3-4 digit by 2-digit multiplication

Discussion in 'Fourth Grade' started by MrCCES, Mar 16, 2008.

1. MrCCESNew Member

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Mar 16, 2008

I am currently a student teacher in a fourth grade classroom. I am suppose to create a lesson plan to teach my students how to multiply 3-4 digit numbers by 2-digit number. I am desperate for any fun ideas of how to teach it. My mentor teacher keeps telling me that I need to find ways to keep the students engaged. Please respond ASAP!

3. Steph-ernieGroupie

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Mar 16, 2008

I don't know of any "fun" ways to teach that - in my experience, that's one of those things that requires lots and lots of practice. I always start off with a sample problem, let's say 1234 x 56. I show them the expanded form of doing it first - (1234 x 50)+(1234 x 6). We talk about how 56 is 50+6, so I use that knowledge to lead them through the steps of 1234 x 56. Once they have the basic concept down, keep them engaged by having students come up to the board to do problems. Divide girls against boys for who can get more right on the board, or use the groups they're sitting in as teams, etc. Give the same problem to two students, one solves it at the board, and the other on their papers. The one solving it on paper gets to be the teacher who decides if the one on the board was done correctly or not. Have the students work on them individually before showing them at the board, and then have them all give you a thumbs up or down if they think it is correct or not. Just getting them up and out of their seats doing the math problems will do wonders for keeping them engaged in the lesson. Good luck.

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Mar 16, 2008

I've been teaching the same way as Steph. It has worked well. They have to have a very good understanding of the single digit and of place value first. We haven't gone into more than 2 x 2 digit in my class though. We just do lots and lots of practice.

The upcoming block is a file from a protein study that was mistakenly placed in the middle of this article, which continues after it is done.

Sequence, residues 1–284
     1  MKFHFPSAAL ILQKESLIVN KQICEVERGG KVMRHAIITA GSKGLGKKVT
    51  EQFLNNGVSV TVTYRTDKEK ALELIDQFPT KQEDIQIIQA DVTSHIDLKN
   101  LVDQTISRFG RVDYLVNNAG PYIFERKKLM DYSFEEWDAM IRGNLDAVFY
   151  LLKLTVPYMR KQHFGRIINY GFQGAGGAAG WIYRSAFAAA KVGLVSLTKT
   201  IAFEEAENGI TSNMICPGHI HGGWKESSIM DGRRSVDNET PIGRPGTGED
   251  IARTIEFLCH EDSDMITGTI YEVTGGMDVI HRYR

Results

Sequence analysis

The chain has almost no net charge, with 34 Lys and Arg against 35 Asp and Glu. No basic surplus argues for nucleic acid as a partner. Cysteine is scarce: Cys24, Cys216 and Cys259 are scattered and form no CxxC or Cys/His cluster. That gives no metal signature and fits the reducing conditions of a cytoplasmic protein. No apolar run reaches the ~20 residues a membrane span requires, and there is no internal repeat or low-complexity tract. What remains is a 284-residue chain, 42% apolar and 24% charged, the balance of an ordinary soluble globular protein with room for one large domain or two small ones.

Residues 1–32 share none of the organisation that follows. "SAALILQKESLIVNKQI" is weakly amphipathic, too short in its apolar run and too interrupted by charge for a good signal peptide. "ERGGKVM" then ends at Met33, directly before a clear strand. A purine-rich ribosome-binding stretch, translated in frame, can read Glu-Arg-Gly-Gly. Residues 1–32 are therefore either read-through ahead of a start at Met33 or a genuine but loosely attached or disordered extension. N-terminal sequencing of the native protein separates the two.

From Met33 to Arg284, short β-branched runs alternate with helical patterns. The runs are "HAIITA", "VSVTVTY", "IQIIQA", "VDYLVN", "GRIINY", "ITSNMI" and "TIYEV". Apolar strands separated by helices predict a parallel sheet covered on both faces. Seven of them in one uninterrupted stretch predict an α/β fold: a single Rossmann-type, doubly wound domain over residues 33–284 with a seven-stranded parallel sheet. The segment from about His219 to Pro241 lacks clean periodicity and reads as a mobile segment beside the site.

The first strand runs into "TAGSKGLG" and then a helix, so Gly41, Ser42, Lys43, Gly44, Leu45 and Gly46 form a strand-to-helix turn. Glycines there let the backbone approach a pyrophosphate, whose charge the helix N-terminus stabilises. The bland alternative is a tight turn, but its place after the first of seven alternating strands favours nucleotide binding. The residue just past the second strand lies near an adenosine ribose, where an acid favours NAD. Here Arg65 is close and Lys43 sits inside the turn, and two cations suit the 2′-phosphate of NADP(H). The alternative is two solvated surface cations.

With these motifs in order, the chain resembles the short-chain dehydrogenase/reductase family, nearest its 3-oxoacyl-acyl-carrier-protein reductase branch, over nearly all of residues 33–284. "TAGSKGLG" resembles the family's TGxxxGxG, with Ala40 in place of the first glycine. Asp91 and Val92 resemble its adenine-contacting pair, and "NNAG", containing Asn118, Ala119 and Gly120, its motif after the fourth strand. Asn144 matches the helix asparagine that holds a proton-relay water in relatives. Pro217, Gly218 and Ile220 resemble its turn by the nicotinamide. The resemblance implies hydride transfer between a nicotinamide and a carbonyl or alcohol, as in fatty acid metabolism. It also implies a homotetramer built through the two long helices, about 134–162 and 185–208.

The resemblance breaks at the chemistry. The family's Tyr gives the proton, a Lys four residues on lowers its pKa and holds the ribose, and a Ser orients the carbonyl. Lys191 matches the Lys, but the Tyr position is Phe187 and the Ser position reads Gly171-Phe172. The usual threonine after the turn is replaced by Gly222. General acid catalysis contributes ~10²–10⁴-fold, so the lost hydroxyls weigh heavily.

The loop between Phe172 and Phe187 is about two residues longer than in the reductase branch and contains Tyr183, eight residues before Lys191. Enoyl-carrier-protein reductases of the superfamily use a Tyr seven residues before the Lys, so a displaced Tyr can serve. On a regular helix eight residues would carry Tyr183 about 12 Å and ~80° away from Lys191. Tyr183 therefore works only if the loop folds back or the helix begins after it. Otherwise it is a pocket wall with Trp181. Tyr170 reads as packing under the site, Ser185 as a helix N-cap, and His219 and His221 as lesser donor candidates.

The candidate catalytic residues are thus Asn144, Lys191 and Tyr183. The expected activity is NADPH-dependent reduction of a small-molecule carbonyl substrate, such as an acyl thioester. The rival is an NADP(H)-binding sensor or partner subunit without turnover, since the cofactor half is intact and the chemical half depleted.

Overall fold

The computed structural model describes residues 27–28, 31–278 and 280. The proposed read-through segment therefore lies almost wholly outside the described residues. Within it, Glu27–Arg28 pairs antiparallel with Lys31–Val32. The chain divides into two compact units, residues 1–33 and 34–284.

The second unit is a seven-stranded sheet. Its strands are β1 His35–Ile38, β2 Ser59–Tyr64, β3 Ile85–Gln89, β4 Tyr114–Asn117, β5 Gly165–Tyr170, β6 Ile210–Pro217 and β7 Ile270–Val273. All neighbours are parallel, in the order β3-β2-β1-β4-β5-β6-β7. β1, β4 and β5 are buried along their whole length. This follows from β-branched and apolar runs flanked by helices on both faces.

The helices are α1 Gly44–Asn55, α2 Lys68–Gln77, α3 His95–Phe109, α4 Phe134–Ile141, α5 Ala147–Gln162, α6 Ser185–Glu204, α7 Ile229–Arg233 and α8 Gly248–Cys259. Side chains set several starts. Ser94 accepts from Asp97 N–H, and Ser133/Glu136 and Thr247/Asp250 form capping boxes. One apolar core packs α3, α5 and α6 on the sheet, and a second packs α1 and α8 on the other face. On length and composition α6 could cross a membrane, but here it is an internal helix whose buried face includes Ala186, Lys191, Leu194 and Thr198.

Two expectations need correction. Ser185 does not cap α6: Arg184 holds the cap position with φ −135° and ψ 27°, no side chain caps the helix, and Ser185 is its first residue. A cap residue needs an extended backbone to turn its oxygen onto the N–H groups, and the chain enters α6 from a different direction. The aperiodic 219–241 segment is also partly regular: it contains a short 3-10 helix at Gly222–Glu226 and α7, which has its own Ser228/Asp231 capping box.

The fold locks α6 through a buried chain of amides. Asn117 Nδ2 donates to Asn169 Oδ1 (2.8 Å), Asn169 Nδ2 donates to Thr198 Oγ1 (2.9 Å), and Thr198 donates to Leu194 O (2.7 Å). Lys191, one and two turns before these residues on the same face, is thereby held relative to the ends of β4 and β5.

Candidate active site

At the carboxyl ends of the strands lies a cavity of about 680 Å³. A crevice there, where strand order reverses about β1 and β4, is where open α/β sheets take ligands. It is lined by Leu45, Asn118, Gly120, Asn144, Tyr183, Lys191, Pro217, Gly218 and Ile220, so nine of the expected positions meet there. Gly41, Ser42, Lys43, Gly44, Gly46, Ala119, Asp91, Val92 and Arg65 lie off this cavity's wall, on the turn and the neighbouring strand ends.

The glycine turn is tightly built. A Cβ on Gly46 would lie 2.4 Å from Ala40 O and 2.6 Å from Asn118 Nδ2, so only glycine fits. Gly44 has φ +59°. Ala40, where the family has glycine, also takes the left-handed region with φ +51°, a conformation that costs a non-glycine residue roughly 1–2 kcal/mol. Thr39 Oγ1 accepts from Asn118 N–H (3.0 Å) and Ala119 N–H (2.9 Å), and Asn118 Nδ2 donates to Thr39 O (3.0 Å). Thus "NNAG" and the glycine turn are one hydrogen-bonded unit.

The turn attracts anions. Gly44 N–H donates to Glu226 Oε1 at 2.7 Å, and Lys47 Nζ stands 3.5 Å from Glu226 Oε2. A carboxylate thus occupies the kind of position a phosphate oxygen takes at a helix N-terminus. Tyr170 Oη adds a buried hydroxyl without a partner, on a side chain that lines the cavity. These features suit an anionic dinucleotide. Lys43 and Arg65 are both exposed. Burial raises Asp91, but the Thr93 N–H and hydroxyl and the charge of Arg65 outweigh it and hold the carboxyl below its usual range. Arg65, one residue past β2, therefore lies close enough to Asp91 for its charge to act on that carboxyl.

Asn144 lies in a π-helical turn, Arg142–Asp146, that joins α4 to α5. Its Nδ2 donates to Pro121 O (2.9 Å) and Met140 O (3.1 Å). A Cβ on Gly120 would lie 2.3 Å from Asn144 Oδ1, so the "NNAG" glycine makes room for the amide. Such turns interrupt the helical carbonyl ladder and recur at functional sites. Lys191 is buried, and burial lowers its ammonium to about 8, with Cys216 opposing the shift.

5. RainStormPhenom

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Mar 16, 2008

I've never heard of a way to make it "fun". Remember that "being engaged" and "being fun" are not the same things. Many students think coloring "is fun" but I'd hardly say they are engaged in learning.

Trying to motivate them and encourage them is all I can suggest. "Yes, this is hard, but you are smart and you CAN do it! Let's keep trying!"

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Mar 16, 2008

One "fun" thing I did do, which the kids enjoyed was this:

Three kids work in a group. One rolls four dice and creates 2, 2 digit numbers. One person solves on the white board, and another on the calculator. They check the work. The kids enjoyed this, mostly because we hardly use calculators in class, so it was fun for them!

Most of the time it has been "boring" practice, practice, practice, as it is the only way I know to really be able to get and do these skills efficiently. I did do one lesson on using base-10 blocks with larger numbers to make arrays but it was difficult and confusing to the kids, even though they have used base-10 blocks all their lives.

http://mathcentral.uregina.ca/RR/database/RR.09.98/loewen2.2.html

The lesson I used was something like this.

7. mclaugcrCompanion

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Mar 17, 2008

One way that our district teaches, as part of the Everyday Math program, is called lattice multiplication. If you are able to show the kids a way other than the traditional method, this is a great one because it is a lot easier for the kids to understand. If you don't know lattice, just go to coolmath4kids.com and click on lattice multplication. It shows step-by-step how to do it. Hope this helps!

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Mar 19, 2008

I teach it similarly to the first few posters. However, when I am ready to teach the algorithm, the kids get to use colored pencils. For the example 1234 X 56, the kids choose one color and circle the 1234 and the 6. They do the multiplication in that color. Then they switch to another color and we again loop the 1234, but this time we loop the 5 (which is really 50, so the 6 becomes a zero). They first put the zero down and then multiply again. Switch colors a 3rd time to add the total. It's not really "fun" but it's something different.

9. allydRookie

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Mar 20, 2008